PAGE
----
Pulmonary thromboembolism (PTE) occurs as a complication to a number of commonly encountered clinical diseases. Antemortem recognition of this life-threatening disorder is hampered by nonspecificity of clinical signs. This retrospective study was performed to analyze clinical features, laboratory findings, imaging abnormalities, and concurrent postmortem diagnoses in 29 dogs with confirmed pulmonary embolism. A variety of clinicopathologic and radiographic abnormalities were noted but there were no pathognomonic findings for PTE. Arterial blood gas analyses were performed in 15 (52%) of 29 dogs; 12 (80%) of 15 exhibited hypoxemia and 15 (100%) of 15 had increased alveolar-arterial oxygen gradients. Response to supplemental O2 was variable and did not correlate with the presence or absence of additional pulmonary pathology on postmortem. At postmortem, 25 (86%) of 29 dogs had grossly visible emboli, 17 (59%) of 29 dogs had multiple disease processes, and 16 (55%) of 29 dogs had additional pulmonary pathology. PTE was suspected antemortem in 11 (38%) of 29 dogs. In dogs with respiratory signs consistent with PTE, the condition was a differential diagnosis in 11 of 17 animals; all had diseases previously reported to be associated with PTE. Neoplasia, systemic bacterial disease, and immune-mediated hemolytic anemia were diagnosed most frequently.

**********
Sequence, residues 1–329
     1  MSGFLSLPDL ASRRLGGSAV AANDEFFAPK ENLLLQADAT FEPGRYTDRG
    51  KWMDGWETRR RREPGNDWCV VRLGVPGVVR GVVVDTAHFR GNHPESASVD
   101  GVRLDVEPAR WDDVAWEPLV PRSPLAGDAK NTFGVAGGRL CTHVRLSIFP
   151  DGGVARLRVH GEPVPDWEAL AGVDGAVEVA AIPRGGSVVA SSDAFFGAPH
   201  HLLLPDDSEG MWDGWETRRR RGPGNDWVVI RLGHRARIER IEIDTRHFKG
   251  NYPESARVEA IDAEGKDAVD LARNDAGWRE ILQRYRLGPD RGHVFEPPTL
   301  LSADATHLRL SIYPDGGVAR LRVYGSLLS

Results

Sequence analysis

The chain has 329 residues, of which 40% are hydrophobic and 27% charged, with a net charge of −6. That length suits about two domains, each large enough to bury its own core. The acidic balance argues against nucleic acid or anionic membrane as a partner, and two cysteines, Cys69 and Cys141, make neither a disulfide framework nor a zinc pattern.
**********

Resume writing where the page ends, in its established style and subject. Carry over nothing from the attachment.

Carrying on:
|Original language||English (US)|
|Number of pages||8|
|Journal||Journal of veterinary internal medicine / American College of Veterinary Internal Medicine|
|State||Published - Jul 1999|
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